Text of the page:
[Applause] [Applause] [Laughter] [Applause] [Laughter] [Applause] [Laughter] [Laughter] [Laughter] [Laughter] [Laughter] [Laughter] so hope you enjoyed that segment of how I built my whole bushcraft camp I realized there's probably quite a few questions that some of you might want to ask and that some of you have asked throughout the previous episodes more of which is the tools so we're gonna run through some of the tools that I've used other questions are about permission and how I've got permission to build that where I have and just general other questions like the species of trees and everything and wood that I was using so I think we'll start off just talking about the tools that I was using so essentially this is the four main tools that I use I've got we'll start with this one over here we've got a small folding saw that was the original store saw that I started out with a knife this was again the original knife but I started out with high carbon steel knife hatchet just an 18 inch hatchet with a two pound head and towards the end you might noticed a larger saw which is more a folding bow saw believe it or not I built most of my camp with this small folding pruning saw like a garden pruning saw as you can see the blade is completely battered this is still the original blade that I've had on it which I've been using for two years now it definitely needs a change the anodized coatings come off he sort of anti stick coating and the teeth are some are fairly sharp but most of them are completely blunt but you know what for the price I can't remember what I paid for this I think it was about 15 pounds it was it just did the job it was perfect especially when I was starting out building the camp originally and just building that first fire reflector folds in on itself small and compact this one's called the barco Laplander I'll pop links to all these tools in the video description below if you guys are interested in them this is called the barker laplander and it's not the greatest saw in the world obviously but it's just very portable and compact and lightweight so the noise I was using was the TBS bore which is basically the first real proper sort of bushcraft knife that I ever bought I was using this for at least the first I'd say 10/10 camp updates this one I've made the custom fire steel that comes with it that's just a red deer antler at the top with a bit of bungee cord here to secure it and that's just one I've made I just bought a firesteel Blanc itself the leather sheath obviously came with it when I purchased it it's a fairly hefty blade for a bushcraft knife it's quite a long blade of things about four inches same with a handle about four inches Scandinavian grind this is high carbon steel case 720 boneless steel but it's done me really really well and I've really enjoyed using this knife the handle itself is turkish warmer and did have a tucked a matching turkish warmer fire still but i don't have that anymore i lost it but either way it's been a great knife and it's certainly well over the camp Update series towards the end of the camp update series I've been using a newer knife which is made for me by a Canadian knife maker called Sam his knife companies called virtus knives and this one is the virtus utility it's got spalted maple scales it's got this like ancient finish on it which I really like that is a great touch but this has been really well used as well towards the later end of the camp up they seriously what sound does really well on this knife is the fire work he's actually filed that full tang there the end of that time what a handle to make it look incredible with that pattern it has got black liners on it but he's also filled it in with dyed epoxy I believe in the gaps to give it that effect and it's got some really nice mosaic pins there's just more of a very good-looking knife but it's also been very practical aside really good use this one came with a Kydex sheath but I also used it in my TBS bore sheath as the fire still sort of match the same they're just something I like it's doing these knives are amazing but also they're fairly expensive so if you're starting out with bushcraft you might want something like this which is just a moral companion this is my Mora companion these are probably one of the best value for money noise out there that you can get again I'll pop all links in the video description below this one is actually the carbon version it doesn't have a 90-degree spine as such it you can file it down to make it well I've made it work on a fire sill but you might want to file that one down but these have probably the best grip of a knife that I've ever used really really nice comfortable ergonomic grip great little knife much more of a sort of beginners nice to start out with so if you're looking to get into bushcraft and starting out for a beginner is probably one of the good noise for you there's also the moral bushcraft as well which is again another great value for money knife you will have noticed that throughout that whole episode that you just watched if you're still sticking by it thanks very much you will have noticed that I was using the same hatchet from episode 1 a number of years ago I've had this for a long time this house episode 1 I've been using the same hatch here which is a Husqvarna hatchet hobby it's about an 18 inch handle I think pretty sure it's a two pound head it's a fairly heavy head for a small hatchet I lost the sheath that came with it but Brian my friend at journeyman handcraft he custom-made this sheath which fits perfectly this has had an absolute battering and to be honest now it's fairly blunt and it needs a sharpen because I've not sharpened it in a long time but this is up there with probably one of the best value for money hatchets towards the latter stages of the bushcraft camp update series I think it was camp update 11 onwards I got myself the Edgar Canyon the boreal 21 by a girl canyon now this is an incredible source of folding bow saw so it packs nice and sort of thin it is fairly heavy but not too much it's heavy compared to this but it does a lot more work and the way this works is it just folds out on itself it's all tucks into one system pull it right round there's a little groove here on this part of the handle if you can see that focus there's this sort of groove you tuck that groove at the bottom of the bottle there and the handle then folds in and locks and then that tensions the blade this blade the one I'm using is the Sydney rancher blade again still original blade so I've used this for quite a few episodes it is starting to dull but it cuts through bigger logs much faster and that's what I needed really to build that hunting Tower because it would have taken such a long time with this little thing I think with this thing I tried to do it on one of the tower pillars and it took 20 minutes or 25 minutes just to do one bog so this only takes minute maybe a minute and a half much much easier but again it's going to last longer and it's going to help you cut more firewood in the winter this would be much much better in the winter where you need that firewood to put it in perspective for you guys you don't need expensive tools to be able to build a camp like I've done I've done this fairly on the cheap really for the first 10 episodes at least these were the only two main tools are used a hatchet that's I think 25 pounds and a folding saw that was 15 pounds that's really all I used to be honest and a bit of cheap cordage to get going with building the bushcraft camp so it just goes to show you don't need really expensive tools yes the more expensive tools are definitely going to last you longer and if you treat them right you know they're going to be a better tool but if budget and cost is it on your conscience and it's something on your mind then these for me have been brilliant and you can tell because you've seen the big sore bushcraft can't like built from using these I just wanted to touch on cordage I didn't actually bring any any cordage out here with me today but just to go through some of the cordage I use I started out with using paracord which although is very very tough I found that paracord when you when you try to cinch it down sometimes certain knots and certain lashings that you do it can slip because of that outer coating on the paracord that's just personal experience you guys might found something different from that you know you might swear by some people swear by paracord and they use it all the time I also use string to begin with and that was brilliant that actually held up really well it pinched down on itself it was just a typical sort of garden string or it wasn't decorative string it was fairly tough I can't remember what it was because it was a few years ago now but that held up really really well and there was still the original string on one of the fire reflectors that I built to begin with that was still there I put until camp update twelve I think when I or maybe even 13 when I cut it off and redid it so that's a few years that lasted I've been using a bit of jute twine as well which is it's not very good for strength it's more of a sort of decorative and natural cordage that if the camp fell down and blew down the wind and obviously it will rot over the years the jute twine the jute twine will break down with it as well over the years other cordage I used was poly proper sama Dada using some poly pot rope obviously not great for the environment but if anything falls down we take the polypropylene it's cheap it's really really cheap it's a good sort of budget option I would say Bank line is probably one of the best cordage you can get it's just got a really good mixture of all of those pieces of cordage you know the paracord and tough it's a tough material durable but not really really well it cinches down really well however it is quite expensive so that's the cordage part I get a lot of questions about the trees that I'm using and how they grossed out how I get such straight wood so firstly let's just talk about the tree itself the tree that one thing I point I need to make is that no living trees were cut down during that whole camp everything you see in that camp itself is not living wood it's just I never I never cut down a living tree when I was doing that camp it that's just the way it was I don't really want to cut down it although that woodland is so dense it really it sort of needs managing it needs trees to be cut down to allow the other tree's more light and you know get that light hitting the forest floor just help the biodiversity a little bit more but the tree itself that I've been using in that camp and the reason it grows so straight is the Scots point or Pinus sylvestris is its Latin name and it's actually one of the only native pines here to the UK because it's it's so straight because the woodland so dense and when woodlands are so dense trees are fighting for the light and that's why they grow so tall and and straight because they're they're trying to get to the sunlight they're competing with each other when you see a tree out in the open field it's generally a big sort of bushy tree and it's open because it's got no competition from surrounding trees so it doesn't need to fight for sunlight whereas these ones they're so dense that they've got to keep growing up straight as possible to get to that sunlight and that's the reason the wood is so straight Scott's point is really easy to identify I'll just go and show you now so even in this woodland just here where I am there's a lot of evergreens there's a lot of conifers sort of trees but this here is a Scots point and it's fairly easy to identify a number of things it the bark itself on the more mature trees has these big large fissures like big cracks in the bark and you can you can break it off generally like this and although the bark is resinous it's actually quite hard for light you're better off getting this sort of fat wood in the joints here but one of the most notable things for the Scots pine is that it starts on mature trees it starts really dark sort of brown at the bottom and as you get higher it gets more orange you can't see it as much on this one but over here on this one here you'll see it starts Brown starts brown and then it starts to go more orange there see but there the color fades a little bit more you can always see the color break here where it's dark just here then it starts to go more Brown and orange as you go up so this is what the needles look like on the scots point they tend to grow in pairs if you look at this one here I can get it for you this is quite a young sheet but they grow together in pairs like that and Scots pine needles you can use in tea it's a good sort of bushcraft tea but that's how you can identify them as well from the needles themselves and also the branches of the needles tend to grow upwards up into the air so knocked down like this they tend to poke up and stick up and you can see that from this tree just here just there you can see they're starting to grow up that's because they're they're looking for the light that's another way of identifying the Scots pine tree one of the main questions I get especially from guys over here in the UK is permission and how do you get permission to build a camp like that it's quite a difficult thing really because generally in the UK it's about who you know we've got a sort of very high population here in UK for such a small island I think the UK has something like 65 million people there's 8 million people in London alone and I've got a friend over in Sweden who I was fishing with last two years ago and he says obviously Sweden's got a bigger landmass than the UK and in Sweden alone there's 8 million people all around 8 and a half maybe 9 million people so the amount of people in the whole of Sweden are in just London alone which is crazy you know that we've got so many people here in our in our country in England as well which makes finding permission really hard woodlands are quite sparse as well they're either all privately owned or they're owned by the National Trust or big you know woodland companies and things like that so it's very difficult to find permissions what I would say if you're looking to get permission is farmers can tend farmers can be a good option because if you go and ask a farmer you can't just turn up on someone's land and expect them to say yeah sure you know come and build a camp coming up fire come and cut down trees that's not gonna happen what you could do is maybe go to local farmers and say look I'm really interested in bushcraft and I enjoy spending time in the woods I've noticed you've got a woodland would you be able to let me spend some time in your woodland either making films or practicing bushcraft and I'll help you out with farm work and if the farmer says yes well you sort of wind twofold you get to benefit from it not only do you potentially get permission to use this woodland or use her woodland to practise bushcraft and things like that but you also get an opportunity to work on a farm and and gain that experience and knowledge of how farming works and where your food comes from and just things like that it's just that's just one of the tips I have I'm not promising you that it will work but you just wherever you go you you lose nothing by asking permission all you're gonna get is a No if you don't ask at all you get you gain nothing you're never gonna know so don't be afraid to be declined go out there ask permission get declined it doesn't matter you might ask five six seven times for the land a different landowners permissions eventually one might be kind enough to offer you some volunteer work you know there's no harm in asking always ask just to make this clear my camp is on private land and I do have permission and also the cabin the pallet wood cabin that's on private land and we've got permission to build there as well one of the following questions is how long has it taken me to build this camp and that's such a difficult question to answer because I I don't really know because I've been building it on and off for years for the last two maybe two and a half years so each time when I first started out each time I'd go there it would be four maybe three or four hours at a time and I just build something cook up some food maybe put a tea or a coffee on and that was that it was just time enjoyed in the woods and then other times towards the end of the camp update series or the latter stages I would go there for you know a full-day stay the night and then do another full day so it really I can't really put a time on it it's just it it just is what it is I just built it whenever I had the time to and it's the same with most people you know the majority of people out there can't go and build that and just in just a couple of days you know you people what people are working people have jobs they only got weekend time or evenings and things like that so realistically it's gonna take time you can't just expect to build that overnight it takes a long time I think we're there I think I've asked most of your questions if you have any other questions please put them in the comment section below I tried to read as many comments as possible I appreciate this as a long video as and its features some of the stuff you may have seen before but I'm just very grateful to have you all as my subscribers you're all very loyal you've been incredible you've given some great feedback over the years and I really appreciate it and it's been great to also see how much this camp Update series has inspired some of you and how much of a positive impact it's had on you so I really appreciate that and if you're relatively new to the channel and you want to go back and watch the full camp update series of episode 1 to 13 then I'll pop a link in the video description below and also the little eye icon in the corner of your screen now you can click that and that will take you to the full playlist where you can watch not only how I build it but also my journey through building it where my experiences of things that were wrong and things that I changed and you know how I felt about certain things and just how you'll even see my knowledge of bushcraft develop as you watch from episode one towards episode 13 where I've just taught myself new things over the years I really appreciate you watching this thank you so much remember to tip that little Bell if you are subscribed just so you can get the notifications when I do upload thank you very much for watching and I'll see you soon in the next episode [Applause]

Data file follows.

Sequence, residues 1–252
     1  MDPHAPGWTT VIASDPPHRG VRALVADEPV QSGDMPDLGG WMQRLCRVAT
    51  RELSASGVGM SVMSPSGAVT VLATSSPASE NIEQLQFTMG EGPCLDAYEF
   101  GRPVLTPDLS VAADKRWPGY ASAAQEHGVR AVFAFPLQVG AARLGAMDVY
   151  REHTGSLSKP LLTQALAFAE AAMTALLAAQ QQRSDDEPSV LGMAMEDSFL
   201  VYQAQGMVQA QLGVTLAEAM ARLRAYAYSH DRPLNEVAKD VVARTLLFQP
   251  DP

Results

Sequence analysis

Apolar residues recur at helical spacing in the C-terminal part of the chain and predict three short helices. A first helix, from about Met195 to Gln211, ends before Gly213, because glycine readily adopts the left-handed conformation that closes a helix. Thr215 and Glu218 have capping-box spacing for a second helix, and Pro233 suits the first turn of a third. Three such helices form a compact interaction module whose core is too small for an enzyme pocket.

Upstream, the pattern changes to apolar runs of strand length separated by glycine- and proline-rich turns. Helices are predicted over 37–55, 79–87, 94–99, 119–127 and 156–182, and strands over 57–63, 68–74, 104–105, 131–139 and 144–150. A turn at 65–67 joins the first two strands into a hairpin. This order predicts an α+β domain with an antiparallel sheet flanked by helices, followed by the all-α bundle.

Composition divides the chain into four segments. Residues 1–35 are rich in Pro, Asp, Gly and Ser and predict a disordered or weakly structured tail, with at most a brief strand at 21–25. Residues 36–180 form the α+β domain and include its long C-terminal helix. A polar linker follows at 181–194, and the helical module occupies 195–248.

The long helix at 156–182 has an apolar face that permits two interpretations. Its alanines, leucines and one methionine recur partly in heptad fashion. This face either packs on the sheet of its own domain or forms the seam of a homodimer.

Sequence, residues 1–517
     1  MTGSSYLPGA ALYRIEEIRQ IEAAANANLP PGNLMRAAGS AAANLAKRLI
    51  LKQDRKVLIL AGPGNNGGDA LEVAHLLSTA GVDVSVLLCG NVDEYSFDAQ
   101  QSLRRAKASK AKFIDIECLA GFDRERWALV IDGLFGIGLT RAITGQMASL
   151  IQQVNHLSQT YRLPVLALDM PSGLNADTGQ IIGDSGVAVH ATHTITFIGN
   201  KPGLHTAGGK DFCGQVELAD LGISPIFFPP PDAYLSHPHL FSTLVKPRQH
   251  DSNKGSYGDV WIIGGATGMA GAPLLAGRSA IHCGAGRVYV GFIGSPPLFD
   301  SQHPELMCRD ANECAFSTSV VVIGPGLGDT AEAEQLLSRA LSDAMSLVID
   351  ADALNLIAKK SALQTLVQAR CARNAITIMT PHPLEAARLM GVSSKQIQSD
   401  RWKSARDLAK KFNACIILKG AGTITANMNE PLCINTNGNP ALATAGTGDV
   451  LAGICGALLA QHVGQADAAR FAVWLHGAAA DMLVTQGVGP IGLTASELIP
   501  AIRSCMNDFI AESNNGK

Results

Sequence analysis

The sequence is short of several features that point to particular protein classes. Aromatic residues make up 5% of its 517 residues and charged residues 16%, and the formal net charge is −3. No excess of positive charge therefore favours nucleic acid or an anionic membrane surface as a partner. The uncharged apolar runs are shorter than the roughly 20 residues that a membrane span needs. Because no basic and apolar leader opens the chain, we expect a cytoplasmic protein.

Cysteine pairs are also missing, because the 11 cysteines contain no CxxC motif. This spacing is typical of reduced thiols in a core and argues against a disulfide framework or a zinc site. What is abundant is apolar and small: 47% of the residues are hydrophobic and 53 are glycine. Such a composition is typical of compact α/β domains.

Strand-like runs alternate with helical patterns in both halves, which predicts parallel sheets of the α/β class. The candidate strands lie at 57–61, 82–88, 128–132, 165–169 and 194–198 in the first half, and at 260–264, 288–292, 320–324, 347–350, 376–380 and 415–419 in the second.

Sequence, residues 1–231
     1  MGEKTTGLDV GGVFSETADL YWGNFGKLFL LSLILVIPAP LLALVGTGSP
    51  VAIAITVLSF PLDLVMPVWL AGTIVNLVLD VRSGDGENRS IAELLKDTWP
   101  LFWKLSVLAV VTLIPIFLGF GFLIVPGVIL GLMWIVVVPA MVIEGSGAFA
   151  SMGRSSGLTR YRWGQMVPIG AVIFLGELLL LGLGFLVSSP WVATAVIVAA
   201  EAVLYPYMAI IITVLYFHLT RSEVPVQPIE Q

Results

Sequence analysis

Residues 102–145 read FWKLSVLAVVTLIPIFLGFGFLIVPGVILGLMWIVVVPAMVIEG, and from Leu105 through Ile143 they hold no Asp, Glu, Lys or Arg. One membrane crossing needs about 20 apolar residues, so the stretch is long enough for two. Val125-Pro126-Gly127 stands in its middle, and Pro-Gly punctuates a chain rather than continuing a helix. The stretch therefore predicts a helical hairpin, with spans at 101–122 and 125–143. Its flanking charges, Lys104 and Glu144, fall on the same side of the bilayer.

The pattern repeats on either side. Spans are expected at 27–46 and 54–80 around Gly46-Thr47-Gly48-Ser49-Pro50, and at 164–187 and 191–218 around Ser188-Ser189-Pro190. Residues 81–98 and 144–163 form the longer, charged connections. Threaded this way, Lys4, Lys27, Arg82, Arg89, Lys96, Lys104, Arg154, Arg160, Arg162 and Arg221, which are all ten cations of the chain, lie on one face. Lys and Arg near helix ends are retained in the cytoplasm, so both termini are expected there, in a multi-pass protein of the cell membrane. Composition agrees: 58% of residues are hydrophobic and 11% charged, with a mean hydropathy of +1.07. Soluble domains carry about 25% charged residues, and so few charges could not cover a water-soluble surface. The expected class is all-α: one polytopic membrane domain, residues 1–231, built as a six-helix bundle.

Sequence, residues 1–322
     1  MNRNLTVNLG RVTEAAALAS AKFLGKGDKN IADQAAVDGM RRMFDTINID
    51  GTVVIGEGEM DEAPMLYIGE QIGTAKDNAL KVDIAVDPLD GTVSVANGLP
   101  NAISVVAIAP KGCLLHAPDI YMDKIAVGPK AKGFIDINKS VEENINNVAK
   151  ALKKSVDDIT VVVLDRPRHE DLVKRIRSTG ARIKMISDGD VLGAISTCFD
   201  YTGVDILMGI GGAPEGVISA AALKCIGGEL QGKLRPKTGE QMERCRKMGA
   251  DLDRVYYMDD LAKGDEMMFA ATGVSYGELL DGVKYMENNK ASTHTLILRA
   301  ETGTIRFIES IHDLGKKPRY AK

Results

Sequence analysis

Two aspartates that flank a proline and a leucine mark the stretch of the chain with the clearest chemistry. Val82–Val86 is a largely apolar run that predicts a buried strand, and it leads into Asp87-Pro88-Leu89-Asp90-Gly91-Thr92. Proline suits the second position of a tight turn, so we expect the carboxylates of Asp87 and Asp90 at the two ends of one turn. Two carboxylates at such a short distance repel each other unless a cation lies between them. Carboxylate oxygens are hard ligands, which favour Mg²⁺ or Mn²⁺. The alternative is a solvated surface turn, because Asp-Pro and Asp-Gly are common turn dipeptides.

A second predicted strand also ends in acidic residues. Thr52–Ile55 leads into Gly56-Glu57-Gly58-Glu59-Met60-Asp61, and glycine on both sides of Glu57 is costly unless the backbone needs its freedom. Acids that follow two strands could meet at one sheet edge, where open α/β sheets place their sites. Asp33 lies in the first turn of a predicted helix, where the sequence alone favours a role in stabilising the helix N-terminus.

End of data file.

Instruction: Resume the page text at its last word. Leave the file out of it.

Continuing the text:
Reader Comments

  1. Your master builder you can survive wow you could survive the old days where ypu have to build you hpuse and hrow your own food

  2. Чтоб такой лагерь сделать рота саперов должна работать, у штук 100 молодых сосен на постройку потребовалось

  3. I just saw all those things that you cut to secure your bed for a moment I thought you might have vampire problems

  4. Wow wee, I can't wait to go in the outside and do survival! This epic film taught me everything I need to know about how to survival, wow!

Leave a Reply

Your email address will not be published. Required fields are marked *